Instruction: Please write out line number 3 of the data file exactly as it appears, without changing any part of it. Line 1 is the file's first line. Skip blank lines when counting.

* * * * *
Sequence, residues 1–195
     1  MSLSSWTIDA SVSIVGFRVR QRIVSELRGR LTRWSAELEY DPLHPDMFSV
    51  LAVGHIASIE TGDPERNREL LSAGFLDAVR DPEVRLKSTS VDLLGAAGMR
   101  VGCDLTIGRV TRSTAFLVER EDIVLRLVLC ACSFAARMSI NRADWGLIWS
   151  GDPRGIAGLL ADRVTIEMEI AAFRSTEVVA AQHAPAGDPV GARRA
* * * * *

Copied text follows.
    51  LAVGHIASIE TGDPERNREL LSAGFLDAVR DPEVRLKSTS VDLLGAAGMR